I shouldn’t say this1, I really shouldn’t2, but when it comes to Romans I sometimes feel Cumbria was a bit short-changed. I mean, we have a whopping great wall3 (well, half of it), numerous forts4, Roman roads and so on – but where’s the fancy stuff? Where are the villas with mermaid mosaics and painted plaster? I know I should make a virtue out of misfortune and assert that we have Real Roman Life, not some over-fed Roman fat cats poncing about with amphorae of wine… but still. You need imagination and learning sometimes to make sense of Cumbria’s slightly-straighter-than-expected roads5 and bumpy fields6. I start to envy Northumberland’s piles of old Roman shoes7 and notes about underpants7.
All this was true (well, slightly2) until May 2010 when the most fabulous Roman artefact ever found in Britain8 came to light in a field near Crosby Garrett in Cumbria’s Eden Valley. Dr Ralph Jackson, who was lucky enough to get the chance to examine the Crosby Garrett helmet before it was sold, stated, ‘the Crosby Garrett helmet is an immensely interesting and outstandingly important find… Its face mask is both extremely finely-wrought and chillingly striking… exceptional and, in its specifics, unparalleled. It is a find of the greatest national (and, indeed, international) significance…’9
It’s not the sort of helmet to wear every day. It is made from copper alloy with tin plating on the face, so originally it would have been golden and silver in colour, with the figure of a winged griffin at the crown. It may have been worn with coloured plumes or streamers attached to the top. Dr Jackson9 stated that such helmets, which date to 50-250CE and are found across formerly Roman Europe and North Africa, were worn not in battle but for cavalry tournaments, when I don’t doubt bling was the order of the day.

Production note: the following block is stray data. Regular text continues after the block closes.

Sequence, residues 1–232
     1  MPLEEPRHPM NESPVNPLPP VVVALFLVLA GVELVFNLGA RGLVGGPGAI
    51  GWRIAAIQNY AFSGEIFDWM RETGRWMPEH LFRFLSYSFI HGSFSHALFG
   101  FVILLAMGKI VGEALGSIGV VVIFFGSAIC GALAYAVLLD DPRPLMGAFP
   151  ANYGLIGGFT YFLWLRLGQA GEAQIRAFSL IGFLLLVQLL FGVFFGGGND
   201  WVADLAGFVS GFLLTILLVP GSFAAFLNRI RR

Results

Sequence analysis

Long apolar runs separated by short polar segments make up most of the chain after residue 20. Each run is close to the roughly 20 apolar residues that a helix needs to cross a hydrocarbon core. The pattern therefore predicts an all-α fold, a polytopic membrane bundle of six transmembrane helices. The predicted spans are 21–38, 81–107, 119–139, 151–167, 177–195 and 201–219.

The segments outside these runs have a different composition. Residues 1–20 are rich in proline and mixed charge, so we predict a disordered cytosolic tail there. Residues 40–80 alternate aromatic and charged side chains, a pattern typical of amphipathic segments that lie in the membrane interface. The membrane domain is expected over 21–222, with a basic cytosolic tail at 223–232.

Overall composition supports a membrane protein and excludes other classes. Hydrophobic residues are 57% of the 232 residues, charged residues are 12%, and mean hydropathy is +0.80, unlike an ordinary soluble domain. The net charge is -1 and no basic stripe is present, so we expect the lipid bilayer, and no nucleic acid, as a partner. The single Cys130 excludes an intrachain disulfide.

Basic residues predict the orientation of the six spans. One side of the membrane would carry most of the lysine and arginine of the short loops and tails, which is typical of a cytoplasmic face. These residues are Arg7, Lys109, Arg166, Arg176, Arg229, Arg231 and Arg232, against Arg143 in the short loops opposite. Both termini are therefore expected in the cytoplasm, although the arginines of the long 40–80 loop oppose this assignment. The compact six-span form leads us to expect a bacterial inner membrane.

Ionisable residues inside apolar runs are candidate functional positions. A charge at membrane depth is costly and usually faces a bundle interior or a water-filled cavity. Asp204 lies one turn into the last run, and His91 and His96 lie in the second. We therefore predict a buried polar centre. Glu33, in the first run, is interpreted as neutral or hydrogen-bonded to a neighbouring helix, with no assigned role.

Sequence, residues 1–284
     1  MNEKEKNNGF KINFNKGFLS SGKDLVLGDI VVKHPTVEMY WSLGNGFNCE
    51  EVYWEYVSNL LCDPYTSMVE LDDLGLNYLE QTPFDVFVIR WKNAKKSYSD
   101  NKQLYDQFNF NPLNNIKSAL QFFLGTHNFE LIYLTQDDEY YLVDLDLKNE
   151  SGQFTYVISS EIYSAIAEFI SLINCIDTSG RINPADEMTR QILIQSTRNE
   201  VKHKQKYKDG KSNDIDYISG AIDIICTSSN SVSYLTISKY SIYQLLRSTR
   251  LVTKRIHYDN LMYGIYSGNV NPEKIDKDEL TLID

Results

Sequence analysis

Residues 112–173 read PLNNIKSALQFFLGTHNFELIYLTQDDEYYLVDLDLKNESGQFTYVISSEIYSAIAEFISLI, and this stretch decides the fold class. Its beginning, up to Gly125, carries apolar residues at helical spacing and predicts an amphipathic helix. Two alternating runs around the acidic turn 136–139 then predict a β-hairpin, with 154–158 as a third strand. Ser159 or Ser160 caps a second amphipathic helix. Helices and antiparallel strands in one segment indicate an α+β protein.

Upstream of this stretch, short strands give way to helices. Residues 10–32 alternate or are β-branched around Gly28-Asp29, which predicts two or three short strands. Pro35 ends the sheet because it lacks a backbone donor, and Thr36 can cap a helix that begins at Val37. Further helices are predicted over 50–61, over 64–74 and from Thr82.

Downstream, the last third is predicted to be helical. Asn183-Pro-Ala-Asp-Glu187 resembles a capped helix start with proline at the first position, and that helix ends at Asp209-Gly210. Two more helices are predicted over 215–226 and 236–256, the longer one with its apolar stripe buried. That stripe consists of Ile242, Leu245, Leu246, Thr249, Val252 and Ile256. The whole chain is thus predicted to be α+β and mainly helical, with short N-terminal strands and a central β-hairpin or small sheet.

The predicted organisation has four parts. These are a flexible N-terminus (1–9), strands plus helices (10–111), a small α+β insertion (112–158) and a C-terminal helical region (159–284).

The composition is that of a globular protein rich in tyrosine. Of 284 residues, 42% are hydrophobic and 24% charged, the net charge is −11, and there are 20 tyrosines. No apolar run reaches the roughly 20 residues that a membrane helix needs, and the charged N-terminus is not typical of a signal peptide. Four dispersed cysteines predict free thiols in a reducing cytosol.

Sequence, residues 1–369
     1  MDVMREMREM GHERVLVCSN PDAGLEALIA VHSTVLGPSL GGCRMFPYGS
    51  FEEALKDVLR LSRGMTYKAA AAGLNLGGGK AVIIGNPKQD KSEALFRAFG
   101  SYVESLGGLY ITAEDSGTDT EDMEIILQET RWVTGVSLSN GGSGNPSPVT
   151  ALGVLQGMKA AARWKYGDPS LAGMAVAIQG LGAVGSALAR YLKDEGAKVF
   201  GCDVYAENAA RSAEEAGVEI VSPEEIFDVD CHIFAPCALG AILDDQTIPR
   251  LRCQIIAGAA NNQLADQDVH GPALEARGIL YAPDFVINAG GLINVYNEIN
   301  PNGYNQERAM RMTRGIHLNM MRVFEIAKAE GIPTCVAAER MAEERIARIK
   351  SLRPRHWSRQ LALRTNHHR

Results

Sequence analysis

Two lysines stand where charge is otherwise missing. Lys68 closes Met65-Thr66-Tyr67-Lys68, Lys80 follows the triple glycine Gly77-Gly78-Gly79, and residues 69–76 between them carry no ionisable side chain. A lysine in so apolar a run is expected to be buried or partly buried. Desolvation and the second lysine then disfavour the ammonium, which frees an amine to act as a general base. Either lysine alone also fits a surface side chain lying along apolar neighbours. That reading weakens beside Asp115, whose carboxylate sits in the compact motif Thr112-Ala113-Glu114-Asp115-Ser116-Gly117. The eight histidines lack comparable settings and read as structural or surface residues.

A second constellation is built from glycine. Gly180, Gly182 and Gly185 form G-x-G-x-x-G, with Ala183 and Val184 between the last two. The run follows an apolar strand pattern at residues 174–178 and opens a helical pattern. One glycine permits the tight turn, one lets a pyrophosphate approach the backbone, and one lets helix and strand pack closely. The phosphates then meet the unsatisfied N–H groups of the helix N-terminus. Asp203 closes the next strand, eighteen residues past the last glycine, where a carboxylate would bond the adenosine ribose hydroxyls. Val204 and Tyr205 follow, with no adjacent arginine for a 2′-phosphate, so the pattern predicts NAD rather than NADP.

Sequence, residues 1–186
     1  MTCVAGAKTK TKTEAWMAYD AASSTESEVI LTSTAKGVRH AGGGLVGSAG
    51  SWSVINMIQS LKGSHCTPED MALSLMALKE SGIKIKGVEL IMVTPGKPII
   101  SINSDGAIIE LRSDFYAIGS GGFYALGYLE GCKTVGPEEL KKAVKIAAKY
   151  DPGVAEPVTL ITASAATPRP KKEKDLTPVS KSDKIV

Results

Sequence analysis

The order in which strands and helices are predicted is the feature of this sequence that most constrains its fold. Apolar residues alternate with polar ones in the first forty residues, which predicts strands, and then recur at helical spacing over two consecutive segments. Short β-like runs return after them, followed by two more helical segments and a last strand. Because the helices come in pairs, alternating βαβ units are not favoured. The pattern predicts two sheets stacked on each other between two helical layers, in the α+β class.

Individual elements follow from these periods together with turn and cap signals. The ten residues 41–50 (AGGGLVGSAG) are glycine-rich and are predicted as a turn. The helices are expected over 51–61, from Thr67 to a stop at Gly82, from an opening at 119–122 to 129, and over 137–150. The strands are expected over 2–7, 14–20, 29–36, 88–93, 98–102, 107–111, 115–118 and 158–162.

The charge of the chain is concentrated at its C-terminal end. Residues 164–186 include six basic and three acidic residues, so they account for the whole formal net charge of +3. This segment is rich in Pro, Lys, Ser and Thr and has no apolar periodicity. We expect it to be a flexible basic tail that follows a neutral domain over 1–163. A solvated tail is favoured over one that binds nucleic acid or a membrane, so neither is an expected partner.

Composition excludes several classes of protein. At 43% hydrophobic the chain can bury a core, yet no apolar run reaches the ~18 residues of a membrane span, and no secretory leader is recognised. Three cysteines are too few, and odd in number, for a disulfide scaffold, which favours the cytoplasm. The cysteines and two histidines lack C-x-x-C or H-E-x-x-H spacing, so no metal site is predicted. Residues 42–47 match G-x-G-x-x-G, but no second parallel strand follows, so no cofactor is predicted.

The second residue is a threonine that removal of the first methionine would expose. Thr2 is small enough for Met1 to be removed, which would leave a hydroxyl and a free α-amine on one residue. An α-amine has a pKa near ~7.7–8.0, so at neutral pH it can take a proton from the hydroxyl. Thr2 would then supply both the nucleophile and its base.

The story of its discovery and sale is still enough to make my eyes smart (described in an earlier post here), but I’m so glad the private owner10 has lent the Crosby Garrett helmet to Carlisle’s Tullie House Museum. Tullie House will be displaying the helmet from today until 26th January, 2014. After this, it will be moved to London to be displayed at the British Museum; even that’s a relief as when it was sold to a private buyer we feared we’d never see it again.
So what are you still here for? Get off this website and go and plan your trip to Tullie House. You’ve got three months to see the Cumbrian discovery of a lifetime.
- No, you shouldn’t.
- And again! Have you no willpower?
- Hadrian’s Wall. http://www.english-heritage.org.uk/daysout/hadrianswall/
- We’re into Stupidsville on numbers. Try Birdoswald on Hadrian’s Wall, or Hardknott, on Hardknott Pass, or Walls Castle at Ravenglass (which is actually the bath house of the fort).
- The A6.
- Such as the temporary roman camp at Plumpton
- Vindolanda Roman Fort, Northumberland. http://en.wikipedia.org/wiki/Vindolanda
- That may not be true, but it should be, and might be.
- Seriously, if you’re reading this, I really am grateful. Thank you.